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About a month ago, hell froze over.
Lots of Fools -- 25,289, to be exact -- have put made a bullish CAPS pick on Apple. But what makes my CAPScall special is that my first article for the Fool was a bearish take on Apple and a bullish piece on Microsoft (Nasdaq: MSFT ) .
While I still stand by my bullishness on Microsoft (valuation, valuation, valuation), I now concede that I was wrong about Apple.
Enjoy it while it lasts, because it's a comparatively rare occurrence, since (shameless bragging alert) my accuracy in Motley Fool CAPS exceeds more than 90% of all other participants.
So why the change of heart? In a word, valuation. Apple is now absurdly cheap. When I wrote my original article, Apple made $16 billion in free cash flow. The very next year, in 2011, Apple about doubled to more than $30 billion.
And that makes a difference. When you take into account the company's $100 billion cash hoard, the stock is trading at 13.5 times free cash flow. And that figure doesn't even take into account Apple's last quarter, in which it generated more than $16 billion in free cash flow, or roughly its entire total from fiscal 2010! That low valuation more than takes into the account the risks I spoke of in the original article.
Furthermore, I took to heart my Foolish colleagues' argument that the company really doesn't depend that much on innovation. The company's major advantage is that its products, well, actually work the way they're intended.
And that's the truth of it. Apple doesn't make money selling products with the most GHz or the most megabytes. It does it by making products that do whatever the heck they're supposed to do. It then backs that up with class-leading sales and service representatives in its Apple Stores. (I've always considered the Apple Stores the company's secret weapon. Even in the digital age, bricks and mortar still matter when your computer dies at 3 a.m.)
In short, Apple has become the world's most valuable company the old fashioned way -- by actually deserving it! To paraphrase The Simpsons' Kent Brockman: I, for one, welcome our Cupertino overlords.
A confederacy of dunces: Apple's competition
The other thing I underestimated when I wrote my article was just how incompetent Apple's competitors really are. These guys couldn't find their way out of a phone booth, much less dial long distance on their own smartphones.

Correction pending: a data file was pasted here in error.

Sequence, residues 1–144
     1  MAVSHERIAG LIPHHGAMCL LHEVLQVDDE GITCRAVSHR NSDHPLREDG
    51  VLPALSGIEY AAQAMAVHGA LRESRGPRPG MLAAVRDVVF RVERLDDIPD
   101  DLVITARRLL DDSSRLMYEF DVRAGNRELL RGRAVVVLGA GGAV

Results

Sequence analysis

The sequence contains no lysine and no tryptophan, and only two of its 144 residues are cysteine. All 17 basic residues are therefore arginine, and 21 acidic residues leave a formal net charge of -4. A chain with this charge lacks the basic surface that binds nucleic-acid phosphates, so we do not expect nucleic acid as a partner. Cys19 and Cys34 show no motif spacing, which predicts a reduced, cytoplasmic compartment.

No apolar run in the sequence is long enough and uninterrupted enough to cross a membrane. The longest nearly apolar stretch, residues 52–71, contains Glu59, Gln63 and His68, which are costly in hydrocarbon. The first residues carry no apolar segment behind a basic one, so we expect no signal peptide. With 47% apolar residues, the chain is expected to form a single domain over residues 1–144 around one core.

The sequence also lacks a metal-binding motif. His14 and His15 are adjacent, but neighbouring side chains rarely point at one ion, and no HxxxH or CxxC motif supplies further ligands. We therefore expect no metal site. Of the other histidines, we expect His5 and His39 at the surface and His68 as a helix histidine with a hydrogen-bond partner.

You'd think Research In Motion (Nasdaq: RIMM ) (still a deep-value CAPScall for me) and other flailing competitors like Nokia would realize that people simply want something that (a) works, (b) looks pretty, and (c) is backed with great customer service.
But no. They continue to think that people actually care what arbitrary doohickeys and features their phones have compared to Apple. But people don't care. They want something that was designed for people and not for engineers. They want something that was built with pride and not a cynical exercise in short-term profit maximization or job promotion. They want something that doesn't feel like plastic.
Why is this so hard for them to understand?
If these guys had done their job right, I wouldn't be here apologizing to Eric, Tim, and Rick. And Apple wouldn't be making freakin' $30 billion a year.
Bottom line: The purpose of capitalism is give people the products they want at the lowest cost. And Apple does this. Its competition doesn't.
But at last there does appear to be one competitor that gets it: Amazon.com (Nasdaq: AMZN ) and CEO Jeff Bezos. The Kindle has been a smash hit, it looks relatively pretty, and it actually works.
Going forward, Amazon will probably be Apple's greatest threat. Like Apple, it's building a real platform around its tablet, the Kindle Fire, which could be a threat for Apple down the road.
Netflix (Nasdaq: NFLX ) is another possible threat, especially in the battlefield for how to shape the future of television. Reed Hastings seems to be the rare CEO who doesn't let a focus group undermine his focus. Fortunately for Apple, however, a partnership looks to have strengthened with a deal between the two on the new Apple TV box. So for right now they're friends -- or at least frenemies.
Besides, Apple has enough cash on its balance sheet to buy them both.
I'd actually have trouble seeing an antitrust case against Apple here, though its recent spat with the Justice Department over e-books is an ominous sign. There are plenty of competitors in the content and tablet space other than Amazon. It's just that Amazon is the only other competent competitor. But that shouldn't be held against Apple. (Remember Oracle vs. PeopleSoft?)
Amazon is trading at a rich valuation, but a lot of its costs could probably be eliminated in an acquisition, and the combined entity could raise prices. (If you work for the FTC, ignore that last sentence).
Netflix would be harder to justify to the regulators, though there's always Hulu. But can you imagine a trio of Tim Cook, Reed Hastings, and Jeff Bezos? That would be unstoppable. So get going already! A trillion dollars is but a trifle away.
Finally, if you're looking to stay updated on Apple, make sure to add the company to our free My Watchlist service. It'll deliver all the latest Apple news and analysis in one central place.
- Add Apple to My Watchlist.